I guess the biggest lesson was the one I was trying to prove — that you can explore every area of the United States in an electric vehicle. Even if you’re not in a Tesla, with the combination of level 2 chargers, RV parks with outlets, and the growing number of CHAdeMO fast chargers popping up, you really can get anywhere with a little bit of planning.

The second thing would be how cost effective they are. I’ve saved about $10,000 just in gas and oil, and that’s based off of a $0.26 kWh Supercharger price. Home charging just gets cheaper from there. Then you add in any repairs I would have had, and the numbers add up quickly. That doesn’t factor in how much money we are saving with each EV helping the environment. It’s really astounding.

What do you know now about electric vehicles that you didn’t know 100,000 miles ago?

I learned how durable and efficient they are. When I initially thought about electric cars, I thought they would be good for the streets but not powerful enough for the outdoors. Boy, was I wrong. I can take my car through streams, up steep dirt roads into the mountains, through any terrain that I have the clearance for, and not have to worry at all. This could be just a Tesla thing, but it seems to me more like an electric thing.

First, the instant torque of electric gives you control that an ICE (internal combustion engine) simply can’t because it has to switch through gears. Second, with there being hardly any parts to break, there is simply less that can go wrong.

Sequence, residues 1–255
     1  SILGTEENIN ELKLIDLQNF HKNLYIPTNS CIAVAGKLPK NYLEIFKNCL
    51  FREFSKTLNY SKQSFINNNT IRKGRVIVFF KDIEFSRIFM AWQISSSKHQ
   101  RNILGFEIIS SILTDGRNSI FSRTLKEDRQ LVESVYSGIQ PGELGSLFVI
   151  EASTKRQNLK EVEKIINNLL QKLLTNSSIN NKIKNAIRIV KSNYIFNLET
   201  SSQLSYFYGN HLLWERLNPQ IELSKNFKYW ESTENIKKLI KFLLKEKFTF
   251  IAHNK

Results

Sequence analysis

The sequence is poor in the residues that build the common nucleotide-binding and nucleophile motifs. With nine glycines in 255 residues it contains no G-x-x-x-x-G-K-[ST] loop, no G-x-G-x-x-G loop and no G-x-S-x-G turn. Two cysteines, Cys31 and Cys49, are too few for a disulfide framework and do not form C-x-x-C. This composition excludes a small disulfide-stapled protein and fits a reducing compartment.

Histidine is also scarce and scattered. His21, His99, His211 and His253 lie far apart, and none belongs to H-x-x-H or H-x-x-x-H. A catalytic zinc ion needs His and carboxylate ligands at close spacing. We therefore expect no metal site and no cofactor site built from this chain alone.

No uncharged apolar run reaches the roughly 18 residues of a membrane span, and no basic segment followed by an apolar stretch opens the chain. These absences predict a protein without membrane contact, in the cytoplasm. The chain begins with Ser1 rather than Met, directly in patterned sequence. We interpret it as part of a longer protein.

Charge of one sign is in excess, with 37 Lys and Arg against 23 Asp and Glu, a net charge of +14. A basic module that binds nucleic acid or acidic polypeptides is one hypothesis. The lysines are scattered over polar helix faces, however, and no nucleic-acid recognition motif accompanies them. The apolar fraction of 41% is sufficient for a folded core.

Image provided by Arthur Dreissen, all rights reserved

What driving adjustments have you had to accommodate in order to make driving the Model 3 a matter of routine?

Well, I definitely have to think about charging. When you are in an urban area, it’s not much of an issue. There is usually a Supercharger close, but, as you get out into the forests and deserts, they become less abundant. With a little planning, there really isn’t an issue, but planning is still necessary.

One good thing I have realized about this, though, is that if there is an RV park, there is an outlet you can at least pay to use. I have the full Tesla set of adapters; that helps me not be too anxious.

Image provided by Arthur Dreissen, all rights reserved

Many people are concerned about the battery life of EVs. Has the battery in your Model 3 reduced total range as you approached 100,000 miles?